National alcohol prohibition in the United States between 1920 and 1933 is believed widely to have been a misguided and failed social experiment that made alcohol problems worse by encouraging drinkers to switch to spirits and created a large black market for alcohol supplied by organized crime. The standard view of alcohol prohibition provides policy lessons that are invoked routinely in policy debates about alcohol and other drugs. The alcohol industry invokes it routinely when resisting proposals to reduce the availability of alcohol, increase its price or regulate alcohol advertising and promotion. Advocates of cannabis law reform invoke it frequently in support of their cause. This paper aims: (i) to provide an account of alcohol prohibition that is more accurate than the standard account because it is informed by historical and econometric analyses; (ii) to describe the policy debates in the 1920s and 1930s about the effectiveness of national prohibition; and (iii) to reflect on any relevance that the US experience with alcohol prohibition has for contemporary policies towards alcohol. It is incorrect to claim that the US experience of National Prohibition indicates that prohibition as a means of regulating alcohol is always doomed to failure. Subsequent experience shows that partial prohibitions can produce substantial public health benefits at an acceptable social cost, in the absence of substantial enforcement.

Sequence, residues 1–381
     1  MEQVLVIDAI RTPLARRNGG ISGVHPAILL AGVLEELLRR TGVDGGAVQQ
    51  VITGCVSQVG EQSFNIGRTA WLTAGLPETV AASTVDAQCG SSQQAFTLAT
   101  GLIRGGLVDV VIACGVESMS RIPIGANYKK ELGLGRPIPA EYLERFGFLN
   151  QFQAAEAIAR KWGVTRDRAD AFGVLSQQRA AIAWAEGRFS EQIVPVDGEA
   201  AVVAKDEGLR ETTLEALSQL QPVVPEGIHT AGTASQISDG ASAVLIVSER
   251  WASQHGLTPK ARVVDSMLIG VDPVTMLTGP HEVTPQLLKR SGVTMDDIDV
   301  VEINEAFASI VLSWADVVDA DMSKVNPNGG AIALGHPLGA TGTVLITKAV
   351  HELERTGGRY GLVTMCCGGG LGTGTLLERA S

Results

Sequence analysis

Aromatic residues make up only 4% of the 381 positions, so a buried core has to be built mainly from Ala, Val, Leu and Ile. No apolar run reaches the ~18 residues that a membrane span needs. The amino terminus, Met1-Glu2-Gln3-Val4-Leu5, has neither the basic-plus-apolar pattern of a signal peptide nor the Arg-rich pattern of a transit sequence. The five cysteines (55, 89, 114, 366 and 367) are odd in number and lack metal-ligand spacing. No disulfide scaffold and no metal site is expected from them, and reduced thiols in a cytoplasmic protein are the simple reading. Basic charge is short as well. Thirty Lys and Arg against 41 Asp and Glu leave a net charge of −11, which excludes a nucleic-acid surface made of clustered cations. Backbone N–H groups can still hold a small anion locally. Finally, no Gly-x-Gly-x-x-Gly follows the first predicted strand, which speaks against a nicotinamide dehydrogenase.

5. The Implementation Process of Alcohol Policies in Eight Swedish Football Clubs

    ERIC Educational Resources Information Center

    Geidne, Susanna; Quennerstedt, Mikael; Eriksson, Charli

    2013-01-01